inventor drives h!s propellers with
close connected motor, taking power
from u gasoline englno driven Heel lie
re '- " -.I -
v - " ' ' '''
Capillary Electrometer Notes fcvery
Flutter of Rrd's Tiny Organ
How It Worked,.
A bird may have the frequency fif
Its heart beats recorded by what Is
known to scientists as a capillary
electrometer. It is a fact, though the
meaning !s not sufficiently understood,
that the electrical changes nccotn
pauytng all muscular activity, and
therefore that of the heart, produce
in tho case of heartw of mammals,
birds tind certain, If not all repUb'".
two electric floItlB, one of which Per
vades ths anterior and the other the
posterior part of the body. ' '
In order to record tha rate at which
the fields appear and dlsippcar. ns de
scribed by Florence Buchanan, I). Se.,
In a lecture delivered to the Oxford
University Junior Scientific club, a
erot Is selected in each, e. g-. the
c.outh'and One of the legs of the bird
and a good conductor of electricity
(such as wood or thread soaked In
salt' water) connected to these points.'
The ends of tho conductors dip. Into
two basins o' Bait water. Conductors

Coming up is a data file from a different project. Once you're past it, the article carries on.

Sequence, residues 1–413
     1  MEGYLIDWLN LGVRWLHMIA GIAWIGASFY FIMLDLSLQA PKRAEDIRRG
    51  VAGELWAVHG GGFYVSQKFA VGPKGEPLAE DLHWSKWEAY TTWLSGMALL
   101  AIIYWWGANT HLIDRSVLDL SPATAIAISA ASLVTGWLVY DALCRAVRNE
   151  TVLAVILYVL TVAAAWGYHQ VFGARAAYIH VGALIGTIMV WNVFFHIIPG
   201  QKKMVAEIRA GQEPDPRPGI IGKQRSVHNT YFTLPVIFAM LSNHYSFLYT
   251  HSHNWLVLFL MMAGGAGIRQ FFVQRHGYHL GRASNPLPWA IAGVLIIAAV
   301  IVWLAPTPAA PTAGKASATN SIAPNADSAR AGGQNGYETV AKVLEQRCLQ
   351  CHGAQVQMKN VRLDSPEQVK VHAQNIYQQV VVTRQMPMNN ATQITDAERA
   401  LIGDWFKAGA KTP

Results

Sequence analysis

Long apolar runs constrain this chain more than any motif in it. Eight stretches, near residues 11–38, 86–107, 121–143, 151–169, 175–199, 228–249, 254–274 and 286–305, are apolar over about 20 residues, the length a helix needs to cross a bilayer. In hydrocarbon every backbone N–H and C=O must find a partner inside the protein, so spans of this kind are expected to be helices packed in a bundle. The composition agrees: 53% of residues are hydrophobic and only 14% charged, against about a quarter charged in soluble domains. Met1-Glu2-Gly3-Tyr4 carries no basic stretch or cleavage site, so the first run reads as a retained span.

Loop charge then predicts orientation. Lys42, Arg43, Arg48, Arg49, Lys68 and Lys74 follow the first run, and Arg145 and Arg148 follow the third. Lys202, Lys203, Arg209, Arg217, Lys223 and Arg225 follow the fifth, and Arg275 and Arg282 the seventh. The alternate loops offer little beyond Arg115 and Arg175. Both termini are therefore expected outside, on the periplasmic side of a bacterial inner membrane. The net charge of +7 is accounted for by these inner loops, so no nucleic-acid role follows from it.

from the twe basins then lt ;id to .the
terminals ot a capillary electrometer.
a nno glass tube drawn out to a rew
thousands of a millimeter diameter:
and filled with mercury.,' .
Tljn open end of the capillary tit
dips Into a diluted solution of sul
phuric acid w'uich enters ss far a tiio -'
mercury ru-rn'its. As 1 1. . mercury be.
comes alternately -posU'rc tftid nega
tive to tho. soIiuMon, .' owing ,to Jim.
changing fields set up by. th" heart -beats.
It moves -Ward . or fi om tln
solution, .respectively. ''....
Thest! little" movements, up and .
down, of the mercury column, are
tlmn photographed on a moving slide
traveling at a predetermined rate past
the mercury column, and the little in
dulatione or waves shown on the de
veloped plate constitute the exact rec
ord of the number of heart beats in
a given periodPopular Electricity.
FIRST TELEPHONE IN 1861
Philip Reis Made Hla Receiver
Shape of Human Ear Mouth
piece Covered With Skin.
Although Alexander Bell is gener
ally accepted as tho inventor of the
telephone, 1S7G, records sho that the